As of April 15, 2015, the effective date of these Lessons, it is too early to ascertain every impact of the comprehensive and highly controversial Affordable Care Act, but for the time being, we know that every child in Kentucky should have health insurance, whether through a parent’s employment, Kynect, the Marketplace or CHIP (Children’s Health Insurance Program.)
Before passage of the Affordable Care Act, KRS 403.211(7) already established the circumstances related to parents’ responsibility for obtaining private health insurance for their children. If private coverage is “reasonable in cost and accessible” to either parent, the court shall require it to be provided, and it shall allocate the cost between the parents in addition to child support. "Reasonable in cost” is defined to be coverage which does not cost more than 5 % of that parent’s gross income. “Accessible” is defined to mean that there are providers who meet the child’s health care needs who are located no more than 60 miles from the child’s primary residence.
KRS 403.211 law requires that if the private health coverage provides for covered services for dependent children beyond the age of majority, then any unmarried children up to age 25 who are full-time students enrolled in and attending an accredited educational institution and who are primarily dependent on the insured parent for maintenance and support shall be covered. The cost for coverage of children under who qualify under this provision is presumably to be allocated according to the parents’ respective incomes as long as the coverage is maintained.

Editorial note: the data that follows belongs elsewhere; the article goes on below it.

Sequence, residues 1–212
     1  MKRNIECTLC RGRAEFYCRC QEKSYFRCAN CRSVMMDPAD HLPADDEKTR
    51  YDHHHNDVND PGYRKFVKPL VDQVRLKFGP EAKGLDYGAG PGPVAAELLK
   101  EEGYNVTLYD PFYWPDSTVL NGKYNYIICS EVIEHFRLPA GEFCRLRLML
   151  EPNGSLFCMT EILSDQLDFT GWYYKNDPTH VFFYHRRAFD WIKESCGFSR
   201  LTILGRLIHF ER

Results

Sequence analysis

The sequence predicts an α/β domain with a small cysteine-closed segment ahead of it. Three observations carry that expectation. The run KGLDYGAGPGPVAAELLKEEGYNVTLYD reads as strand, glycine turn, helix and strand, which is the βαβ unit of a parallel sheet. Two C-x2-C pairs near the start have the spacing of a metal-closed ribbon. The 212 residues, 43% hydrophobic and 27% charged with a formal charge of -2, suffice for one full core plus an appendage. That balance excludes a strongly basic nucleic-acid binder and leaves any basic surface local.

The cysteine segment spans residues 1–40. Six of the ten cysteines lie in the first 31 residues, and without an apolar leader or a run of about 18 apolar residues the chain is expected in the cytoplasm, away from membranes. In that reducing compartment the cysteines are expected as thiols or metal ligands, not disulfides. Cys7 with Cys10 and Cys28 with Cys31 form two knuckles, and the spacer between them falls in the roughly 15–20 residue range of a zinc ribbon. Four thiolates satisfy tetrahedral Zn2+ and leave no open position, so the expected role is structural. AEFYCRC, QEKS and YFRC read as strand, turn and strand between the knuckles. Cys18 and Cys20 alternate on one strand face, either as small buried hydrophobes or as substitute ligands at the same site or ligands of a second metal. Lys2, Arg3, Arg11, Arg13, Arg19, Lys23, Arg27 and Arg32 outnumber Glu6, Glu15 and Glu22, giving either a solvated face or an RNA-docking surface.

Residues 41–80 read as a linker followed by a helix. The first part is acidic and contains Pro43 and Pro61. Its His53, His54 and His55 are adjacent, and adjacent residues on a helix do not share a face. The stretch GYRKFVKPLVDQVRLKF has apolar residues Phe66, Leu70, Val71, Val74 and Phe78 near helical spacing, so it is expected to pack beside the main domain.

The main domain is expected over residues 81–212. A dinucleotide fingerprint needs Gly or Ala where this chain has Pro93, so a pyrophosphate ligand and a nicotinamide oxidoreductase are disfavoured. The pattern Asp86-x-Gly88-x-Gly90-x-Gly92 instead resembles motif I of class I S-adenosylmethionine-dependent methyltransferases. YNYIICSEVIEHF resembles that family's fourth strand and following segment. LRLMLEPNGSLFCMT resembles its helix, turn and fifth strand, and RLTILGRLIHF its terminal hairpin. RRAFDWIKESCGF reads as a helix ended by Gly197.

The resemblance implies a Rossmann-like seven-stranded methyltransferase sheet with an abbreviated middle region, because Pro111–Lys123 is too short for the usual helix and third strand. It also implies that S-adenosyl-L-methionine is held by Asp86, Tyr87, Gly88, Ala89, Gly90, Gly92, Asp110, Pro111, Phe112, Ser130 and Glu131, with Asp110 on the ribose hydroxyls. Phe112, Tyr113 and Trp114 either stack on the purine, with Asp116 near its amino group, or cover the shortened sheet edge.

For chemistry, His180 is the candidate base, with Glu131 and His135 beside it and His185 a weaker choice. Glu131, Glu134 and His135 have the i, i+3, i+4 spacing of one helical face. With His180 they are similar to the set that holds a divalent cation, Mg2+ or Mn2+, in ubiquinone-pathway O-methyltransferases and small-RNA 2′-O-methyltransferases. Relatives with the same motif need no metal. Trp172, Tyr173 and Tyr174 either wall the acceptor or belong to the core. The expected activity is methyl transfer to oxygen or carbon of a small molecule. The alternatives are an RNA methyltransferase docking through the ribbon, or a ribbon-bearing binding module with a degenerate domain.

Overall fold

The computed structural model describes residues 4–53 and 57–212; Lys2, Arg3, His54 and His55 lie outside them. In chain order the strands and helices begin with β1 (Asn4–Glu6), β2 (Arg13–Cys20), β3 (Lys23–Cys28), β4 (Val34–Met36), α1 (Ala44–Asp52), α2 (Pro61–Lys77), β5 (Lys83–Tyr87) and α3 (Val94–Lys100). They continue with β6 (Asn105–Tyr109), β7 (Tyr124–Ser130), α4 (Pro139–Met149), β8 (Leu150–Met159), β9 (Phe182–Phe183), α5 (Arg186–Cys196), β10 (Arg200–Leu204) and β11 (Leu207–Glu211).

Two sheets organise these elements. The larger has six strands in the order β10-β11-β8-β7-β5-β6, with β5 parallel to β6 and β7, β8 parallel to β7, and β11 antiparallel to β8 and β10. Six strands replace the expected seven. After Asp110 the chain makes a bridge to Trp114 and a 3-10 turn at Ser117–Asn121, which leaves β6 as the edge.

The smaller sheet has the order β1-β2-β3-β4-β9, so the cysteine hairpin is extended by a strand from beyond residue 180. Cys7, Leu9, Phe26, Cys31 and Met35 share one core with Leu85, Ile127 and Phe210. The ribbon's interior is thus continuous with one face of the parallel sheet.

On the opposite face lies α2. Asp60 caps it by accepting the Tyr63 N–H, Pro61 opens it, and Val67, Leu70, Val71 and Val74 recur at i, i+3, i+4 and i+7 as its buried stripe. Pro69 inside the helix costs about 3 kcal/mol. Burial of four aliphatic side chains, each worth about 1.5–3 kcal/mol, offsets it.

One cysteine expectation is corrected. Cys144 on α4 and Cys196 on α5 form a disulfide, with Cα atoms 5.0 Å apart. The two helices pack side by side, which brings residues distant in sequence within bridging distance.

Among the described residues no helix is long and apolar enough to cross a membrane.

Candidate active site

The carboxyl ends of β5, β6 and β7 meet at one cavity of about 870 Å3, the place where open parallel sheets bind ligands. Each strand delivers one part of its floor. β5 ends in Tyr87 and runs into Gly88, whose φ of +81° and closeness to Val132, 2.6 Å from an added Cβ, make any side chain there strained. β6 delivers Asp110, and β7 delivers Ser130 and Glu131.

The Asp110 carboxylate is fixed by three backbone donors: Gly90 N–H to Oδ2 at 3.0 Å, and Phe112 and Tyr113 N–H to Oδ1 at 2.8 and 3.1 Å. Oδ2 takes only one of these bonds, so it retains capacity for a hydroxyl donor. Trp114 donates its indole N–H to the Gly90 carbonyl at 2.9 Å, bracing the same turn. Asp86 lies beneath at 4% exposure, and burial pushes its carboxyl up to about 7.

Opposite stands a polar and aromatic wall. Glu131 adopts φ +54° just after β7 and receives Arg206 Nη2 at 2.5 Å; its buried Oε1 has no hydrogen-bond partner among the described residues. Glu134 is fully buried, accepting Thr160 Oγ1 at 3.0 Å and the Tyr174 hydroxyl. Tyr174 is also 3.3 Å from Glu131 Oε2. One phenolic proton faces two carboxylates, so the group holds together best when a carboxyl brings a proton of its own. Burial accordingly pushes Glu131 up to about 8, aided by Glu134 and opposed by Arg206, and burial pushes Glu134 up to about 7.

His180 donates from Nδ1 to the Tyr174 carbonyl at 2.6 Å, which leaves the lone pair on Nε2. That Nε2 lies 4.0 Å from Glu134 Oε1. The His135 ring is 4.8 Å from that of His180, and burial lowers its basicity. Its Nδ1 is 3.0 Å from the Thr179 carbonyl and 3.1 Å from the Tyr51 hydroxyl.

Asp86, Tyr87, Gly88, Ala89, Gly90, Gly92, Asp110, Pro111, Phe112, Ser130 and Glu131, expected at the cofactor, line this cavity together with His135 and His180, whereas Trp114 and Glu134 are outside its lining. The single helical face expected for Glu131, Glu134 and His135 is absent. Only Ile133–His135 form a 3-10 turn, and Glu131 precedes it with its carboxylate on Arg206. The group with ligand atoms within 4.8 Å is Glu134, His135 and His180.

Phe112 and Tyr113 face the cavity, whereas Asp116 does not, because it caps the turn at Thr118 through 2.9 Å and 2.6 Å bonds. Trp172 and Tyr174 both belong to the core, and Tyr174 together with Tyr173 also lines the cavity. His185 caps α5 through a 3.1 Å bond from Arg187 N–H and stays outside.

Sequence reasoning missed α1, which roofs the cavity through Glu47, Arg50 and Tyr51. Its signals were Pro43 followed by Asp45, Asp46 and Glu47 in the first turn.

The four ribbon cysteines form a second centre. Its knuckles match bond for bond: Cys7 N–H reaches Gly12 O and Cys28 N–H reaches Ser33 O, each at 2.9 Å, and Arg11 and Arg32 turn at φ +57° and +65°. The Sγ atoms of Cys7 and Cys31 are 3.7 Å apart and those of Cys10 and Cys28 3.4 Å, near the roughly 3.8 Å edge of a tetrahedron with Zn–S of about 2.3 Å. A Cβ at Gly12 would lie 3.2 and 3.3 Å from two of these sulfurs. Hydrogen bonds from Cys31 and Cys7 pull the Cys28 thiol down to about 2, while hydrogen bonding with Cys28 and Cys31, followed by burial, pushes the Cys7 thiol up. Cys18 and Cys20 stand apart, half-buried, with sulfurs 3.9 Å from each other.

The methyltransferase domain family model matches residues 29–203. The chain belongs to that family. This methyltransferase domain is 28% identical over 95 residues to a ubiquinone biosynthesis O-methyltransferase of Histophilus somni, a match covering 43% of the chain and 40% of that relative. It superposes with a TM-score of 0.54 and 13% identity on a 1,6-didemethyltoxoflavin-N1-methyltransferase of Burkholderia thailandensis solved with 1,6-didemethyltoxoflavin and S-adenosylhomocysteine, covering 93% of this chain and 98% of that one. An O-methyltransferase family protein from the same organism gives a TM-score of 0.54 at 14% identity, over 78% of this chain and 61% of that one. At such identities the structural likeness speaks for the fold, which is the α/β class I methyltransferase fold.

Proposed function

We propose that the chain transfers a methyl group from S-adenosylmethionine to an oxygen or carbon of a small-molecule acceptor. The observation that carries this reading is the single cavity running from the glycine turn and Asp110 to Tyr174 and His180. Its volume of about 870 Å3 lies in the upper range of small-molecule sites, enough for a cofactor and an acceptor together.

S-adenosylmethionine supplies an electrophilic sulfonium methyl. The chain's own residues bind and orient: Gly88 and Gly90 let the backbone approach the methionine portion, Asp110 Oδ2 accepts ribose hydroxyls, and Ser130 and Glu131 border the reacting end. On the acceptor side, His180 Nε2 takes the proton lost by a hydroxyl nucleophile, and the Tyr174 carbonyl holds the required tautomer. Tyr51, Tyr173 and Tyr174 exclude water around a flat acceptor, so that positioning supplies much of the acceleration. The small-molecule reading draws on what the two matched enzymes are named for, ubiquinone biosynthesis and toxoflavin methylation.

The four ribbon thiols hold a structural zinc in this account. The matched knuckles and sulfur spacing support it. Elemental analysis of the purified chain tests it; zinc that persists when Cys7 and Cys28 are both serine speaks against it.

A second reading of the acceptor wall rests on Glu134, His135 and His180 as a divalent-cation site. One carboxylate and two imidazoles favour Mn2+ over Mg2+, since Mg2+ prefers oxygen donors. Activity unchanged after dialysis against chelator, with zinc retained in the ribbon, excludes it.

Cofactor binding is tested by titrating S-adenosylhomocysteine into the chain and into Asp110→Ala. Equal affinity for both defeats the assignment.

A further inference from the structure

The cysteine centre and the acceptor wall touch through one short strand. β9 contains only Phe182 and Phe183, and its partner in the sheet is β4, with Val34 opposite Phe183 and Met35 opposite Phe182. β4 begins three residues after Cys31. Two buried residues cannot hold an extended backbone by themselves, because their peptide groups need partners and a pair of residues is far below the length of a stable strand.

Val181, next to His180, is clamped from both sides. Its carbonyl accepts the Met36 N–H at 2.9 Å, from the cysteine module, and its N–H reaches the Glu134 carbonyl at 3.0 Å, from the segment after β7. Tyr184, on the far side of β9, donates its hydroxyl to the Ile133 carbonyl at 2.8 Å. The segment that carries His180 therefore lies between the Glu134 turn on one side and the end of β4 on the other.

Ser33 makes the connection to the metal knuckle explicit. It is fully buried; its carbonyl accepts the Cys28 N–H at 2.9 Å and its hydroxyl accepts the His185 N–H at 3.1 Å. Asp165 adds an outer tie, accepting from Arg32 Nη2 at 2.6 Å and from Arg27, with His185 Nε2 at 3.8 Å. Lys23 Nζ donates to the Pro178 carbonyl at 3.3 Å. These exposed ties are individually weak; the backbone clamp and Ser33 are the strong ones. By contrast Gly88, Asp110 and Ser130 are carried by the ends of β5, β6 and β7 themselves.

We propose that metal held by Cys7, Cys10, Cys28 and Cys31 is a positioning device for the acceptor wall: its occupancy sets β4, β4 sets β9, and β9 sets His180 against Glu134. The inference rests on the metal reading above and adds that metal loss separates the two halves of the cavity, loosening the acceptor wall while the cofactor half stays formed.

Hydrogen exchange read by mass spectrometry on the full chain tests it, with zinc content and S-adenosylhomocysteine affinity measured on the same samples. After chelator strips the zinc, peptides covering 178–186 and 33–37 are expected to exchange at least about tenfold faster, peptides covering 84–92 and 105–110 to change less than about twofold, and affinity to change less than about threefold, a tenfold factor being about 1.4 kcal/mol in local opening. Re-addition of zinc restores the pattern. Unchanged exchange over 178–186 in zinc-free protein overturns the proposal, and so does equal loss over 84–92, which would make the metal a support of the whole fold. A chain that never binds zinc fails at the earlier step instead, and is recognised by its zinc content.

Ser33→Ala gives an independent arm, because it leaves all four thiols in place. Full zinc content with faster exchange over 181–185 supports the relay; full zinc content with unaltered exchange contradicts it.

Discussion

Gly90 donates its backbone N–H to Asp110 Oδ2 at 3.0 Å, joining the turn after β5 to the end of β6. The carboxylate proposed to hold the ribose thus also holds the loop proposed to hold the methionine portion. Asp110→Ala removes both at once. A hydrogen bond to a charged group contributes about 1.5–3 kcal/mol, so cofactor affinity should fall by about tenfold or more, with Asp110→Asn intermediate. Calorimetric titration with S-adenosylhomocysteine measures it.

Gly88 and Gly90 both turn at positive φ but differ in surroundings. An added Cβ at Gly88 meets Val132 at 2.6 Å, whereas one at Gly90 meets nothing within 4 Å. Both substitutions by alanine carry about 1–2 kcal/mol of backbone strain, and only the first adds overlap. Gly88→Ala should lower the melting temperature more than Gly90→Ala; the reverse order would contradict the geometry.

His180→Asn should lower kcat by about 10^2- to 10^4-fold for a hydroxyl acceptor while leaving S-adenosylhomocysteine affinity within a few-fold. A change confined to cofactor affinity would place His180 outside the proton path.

The Affordable Care Act requires an insurance provider to make coverage available for adult children until they turn 26 regardless of whether they are married, regardless of whether they are attending school, and regardless of whether they are financially dependent on their parents.
What if a parent provides coverage for an adult child even though it is not required under KRS 403.211? Is the other parent required to pay his or her share of the cost? We won’t know until this is addressed by the appellate courts.
Often both parents have available coverage and sometimes they disagree about which policy should be used. Imagine that! In that case, the custodian will decide which policy to use, but if they have joint custody, they will have to present their argument to the judge who must decide the issue. Once it is resolved which parent will provide coverage, the cost is allocated according to their respective incomes and, much like the allocation of childcare expense on Exhibit 13, the worksheet will give the parties appropriate credit for the cost of health insurance for the child or children only.
In any event, now you know a whole lot more than you did before about private health insurance coverage for children in Kentucky. Enjoy your day!